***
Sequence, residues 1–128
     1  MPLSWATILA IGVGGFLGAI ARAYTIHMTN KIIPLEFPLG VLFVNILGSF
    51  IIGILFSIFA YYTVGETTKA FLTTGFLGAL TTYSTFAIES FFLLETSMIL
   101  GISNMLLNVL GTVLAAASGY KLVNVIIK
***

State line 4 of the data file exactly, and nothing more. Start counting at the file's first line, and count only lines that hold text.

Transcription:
   101  GISNMLLNVL GTVLAAASGY KLVNVIIK